6 There then follows the reaction between A and B whilethey are bound to the catalyst. This step is associated with an activation energy; how-ever, it is significantly lower than that for the uncatalyzed reaction. Finally, the prod-uct P separates from the catalyst in an endothermic Introduction to Catalysis3bonding reaction separationreaction coordinate+ABcatalyst catalyst ABcatalyst Pcatalyst PABP potential energyFigure energy diagram of a heterogeneous catalyticreaction, with gaseous reactants and products and a solid catalyst.
7 Notethat the uncatalyzed reaction has to overcome a substantial energybarrier, whereas the barriers in the catalytic route are much energy diagram of Fig. illustrates several important points:.The catalyst offers an alternative path for the reaction, which is obviously morecomplex, but energetically much more activation energy of the catalytic reaction is significantly smaller than that ofthe uncatalyzed reaction; hence, the rate of the catalytic reaction is much larger(we explain this in greater detail in Chapter 2).
8 The overall change in free energy for the catalytic reaction equals that of the unca-talyzed reaction. Hence, the catalyst does not affect the equilibrium constant forthe overall reaction of A + B to P. Thus, if a reaction is thermodynamically unfa-vorable, a catalyst cannot change this situation. A catalyst changes the kineticsbutnotthe catalyst accelerates both the forward and the reverse reaction to the sameextent. In other words, if a catalyst accelerates the formation of the product Pfrom A and B, it will do the same for the decomposition of P into A and far it is immediately evident that there are also cases in which the combina-tion of catalyst with reactants or products will not be successful.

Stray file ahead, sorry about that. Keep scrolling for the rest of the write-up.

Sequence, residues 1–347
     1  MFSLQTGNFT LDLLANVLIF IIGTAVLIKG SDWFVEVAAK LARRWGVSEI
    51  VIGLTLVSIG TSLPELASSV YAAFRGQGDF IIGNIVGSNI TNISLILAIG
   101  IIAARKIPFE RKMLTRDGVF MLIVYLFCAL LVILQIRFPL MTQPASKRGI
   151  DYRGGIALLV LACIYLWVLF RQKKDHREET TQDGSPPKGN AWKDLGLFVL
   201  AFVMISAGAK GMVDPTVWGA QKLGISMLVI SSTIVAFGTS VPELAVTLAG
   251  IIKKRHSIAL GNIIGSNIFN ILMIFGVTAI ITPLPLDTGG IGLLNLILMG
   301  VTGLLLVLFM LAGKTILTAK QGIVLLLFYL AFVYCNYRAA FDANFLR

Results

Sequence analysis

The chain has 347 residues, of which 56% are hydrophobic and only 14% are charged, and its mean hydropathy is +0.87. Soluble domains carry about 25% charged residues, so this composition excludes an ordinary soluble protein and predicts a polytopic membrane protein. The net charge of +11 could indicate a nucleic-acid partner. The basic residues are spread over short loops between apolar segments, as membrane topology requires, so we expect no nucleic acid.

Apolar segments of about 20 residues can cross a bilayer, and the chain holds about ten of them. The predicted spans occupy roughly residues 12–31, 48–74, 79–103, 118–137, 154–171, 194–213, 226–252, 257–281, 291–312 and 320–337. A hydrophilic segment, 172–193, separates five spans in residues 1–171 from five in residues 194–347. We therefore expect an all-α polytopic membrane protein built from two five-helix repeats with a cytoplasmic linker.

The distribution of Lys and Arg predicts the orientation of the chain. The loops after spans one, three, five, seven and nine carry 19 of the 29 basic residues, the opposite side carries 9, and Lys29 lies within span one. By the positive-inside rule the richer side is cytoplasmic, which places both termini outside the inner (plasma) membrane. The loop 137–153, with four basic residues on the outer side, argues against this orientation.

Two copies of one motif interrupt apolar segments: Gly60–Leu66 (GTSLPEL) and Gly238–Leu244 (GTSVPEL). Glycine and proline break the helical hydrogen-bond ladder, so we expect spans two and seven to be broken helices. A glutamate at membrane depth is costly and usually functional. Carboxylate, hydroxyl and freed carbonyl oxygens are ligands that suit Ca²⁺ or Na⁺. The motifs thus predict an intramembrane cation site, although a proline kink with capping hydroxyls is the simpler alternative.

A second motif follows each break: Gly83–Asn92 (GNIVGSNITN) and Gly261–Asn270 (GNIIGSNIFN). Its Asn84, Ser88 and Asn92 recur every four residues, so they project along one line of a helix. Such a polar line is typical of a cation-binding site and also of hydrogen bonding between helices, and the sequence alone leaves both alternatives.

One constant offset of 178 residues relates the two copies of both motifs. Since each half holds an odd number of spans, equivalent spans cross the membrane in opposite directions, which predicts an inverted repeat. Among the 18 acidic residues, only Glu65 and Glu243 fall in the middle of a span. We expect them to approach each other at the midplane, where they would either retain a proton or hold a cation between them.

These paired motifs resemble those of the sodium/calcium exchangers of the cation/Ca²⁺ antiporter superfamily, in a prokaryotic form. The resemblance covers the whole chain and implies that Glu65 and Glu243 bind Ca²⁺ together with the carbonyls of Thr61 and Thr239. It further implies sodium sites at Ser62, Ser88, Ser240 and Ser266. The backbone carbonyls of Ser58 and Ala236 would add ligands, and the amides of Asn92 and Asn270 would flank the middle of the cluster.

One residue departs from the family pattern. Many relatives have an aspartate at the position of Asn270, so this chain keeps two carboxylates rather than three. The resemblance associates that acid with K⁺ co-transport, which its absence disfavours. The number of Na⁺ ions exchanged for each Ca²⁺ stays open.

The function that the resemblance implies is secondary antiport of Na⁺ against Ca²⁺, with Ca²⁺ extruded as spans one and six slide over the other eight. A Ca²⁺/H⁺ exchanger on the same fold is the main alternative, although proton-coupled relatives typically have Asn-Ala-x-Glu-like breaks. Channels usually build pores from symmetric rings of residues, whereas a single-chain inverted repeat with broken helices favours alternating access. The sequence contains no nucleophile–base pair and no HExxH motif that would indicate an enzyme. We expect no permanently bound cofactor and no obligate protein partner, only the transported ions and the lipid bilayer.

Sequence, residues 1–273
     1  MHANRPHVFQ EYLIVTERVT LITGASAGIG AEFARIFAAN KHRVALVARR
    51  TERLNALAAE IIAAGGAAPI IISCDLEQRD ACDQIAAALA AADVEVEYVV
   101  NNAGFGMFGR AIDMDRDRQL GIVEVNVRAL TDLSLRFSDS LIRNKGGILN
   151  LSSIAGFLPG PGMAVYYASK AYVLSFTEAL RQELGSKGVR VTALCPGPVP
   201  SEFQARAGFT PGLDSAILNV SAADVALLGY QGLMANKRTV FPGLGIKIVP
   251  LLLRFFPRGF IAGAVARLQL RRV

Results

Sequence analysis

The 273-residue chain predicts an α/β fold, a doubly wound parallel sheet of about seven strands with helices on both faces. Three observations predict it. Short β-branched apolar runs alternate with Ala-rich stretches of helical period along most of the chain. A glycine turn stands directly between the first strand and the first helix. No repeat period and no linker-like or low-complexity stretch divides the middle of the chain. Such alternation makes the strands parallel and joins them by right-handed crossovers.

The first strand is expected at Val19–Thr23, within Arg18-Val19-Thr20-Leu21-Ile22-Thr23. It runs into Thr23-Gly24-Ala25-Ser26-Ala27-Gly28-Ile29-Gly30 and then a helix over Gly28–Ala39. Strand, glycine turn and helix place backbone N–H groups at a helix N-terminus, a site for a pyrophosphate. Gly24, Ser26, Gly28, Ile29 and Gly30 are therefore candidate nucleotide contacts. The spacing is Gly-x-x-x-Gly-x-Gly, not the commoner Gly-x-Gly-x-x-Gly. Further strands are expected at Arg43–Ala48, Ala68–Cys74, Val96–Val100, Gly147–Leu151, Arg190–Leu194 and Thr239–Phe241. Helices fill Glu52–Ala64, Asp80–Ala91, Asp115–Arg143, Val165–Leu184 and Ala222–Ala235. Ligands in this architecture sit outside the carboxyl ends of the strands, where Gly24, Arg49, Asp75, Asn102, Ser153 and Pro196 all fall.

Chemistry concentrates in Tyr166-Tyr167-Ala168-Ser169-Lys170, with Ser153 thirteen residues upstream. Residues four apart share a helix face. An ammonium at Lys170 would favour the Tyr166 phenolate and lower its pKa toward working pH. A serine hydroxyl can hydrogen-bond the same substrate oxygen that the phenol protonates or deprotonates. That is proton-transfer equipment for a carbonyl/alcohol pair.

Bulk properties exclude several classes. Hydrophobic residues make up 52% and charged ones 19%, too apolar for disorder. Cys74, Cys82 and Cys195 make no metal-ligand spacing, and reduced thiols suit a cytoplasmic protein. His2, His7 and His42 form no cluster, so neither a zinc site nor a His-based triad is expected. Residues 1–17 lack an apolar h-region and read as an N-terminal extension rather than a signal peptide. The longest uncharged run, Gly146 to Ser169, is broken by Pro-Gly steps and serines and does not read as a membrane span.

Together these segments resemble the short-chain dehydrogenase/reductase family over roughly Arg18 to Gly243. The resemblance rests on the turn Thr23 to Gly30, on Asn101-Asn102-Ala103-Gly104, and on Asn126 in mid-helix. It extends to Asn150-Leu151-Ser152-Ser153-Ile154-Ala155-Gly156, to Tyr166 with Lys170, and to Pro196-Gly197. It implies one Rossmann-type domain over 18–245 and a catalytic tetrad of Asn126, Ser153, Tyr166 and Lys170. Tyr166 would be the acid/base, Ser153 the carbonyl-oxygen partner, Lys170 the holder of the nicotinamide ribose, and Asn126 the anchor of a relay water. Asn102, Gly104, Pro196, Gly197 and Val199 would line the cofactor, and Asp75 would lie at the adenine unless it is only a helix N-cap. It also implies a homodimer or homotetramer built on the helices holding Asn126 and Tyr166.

9 If the bonding between reactants and catalyst is too weak, there will be hardly anyconversion of A and B into if the bond between the catalyst and one of the reactants, say A, is toostrong, the catalyst will be mostly occupied with species A, and B is not availableto form the product. If A and B both form strong bonds with the catalyst, theintermediate situation with A or B on the catalyst may be so stable that reactionbecomes unlikely. In terms of Fig. , the second level lies so deep that the What is Catalysis ?41 Introduction to Catalysistion energy to form P on the catalyst becomes too high.
10 The catalyst is said to bepoisoned by (one of) the the same way, the product P may be too strongly bound to the catalyst for sepa-ration to occur. In this case the product poisons the , we intuitively feel that the successful combination of catalyst and reactionis that in which the interaction between catalyst and reacting species is not tooweak, but also not too strong. This is a loosely formulated version of Sabatier s Prin-ciple, which we encounter in a more precise form in Chapter 2 and in detail in Sec-tion now, the catalyst has been an unspecified, abstract body, so let us first lookat what kind of catalysts Can Be Atoms, Molecules, Enzymes and Solid SurfacesCatalysts come in a multitude of forms, varying from atoms and molecules to largestructures such as zeolites or enzymes.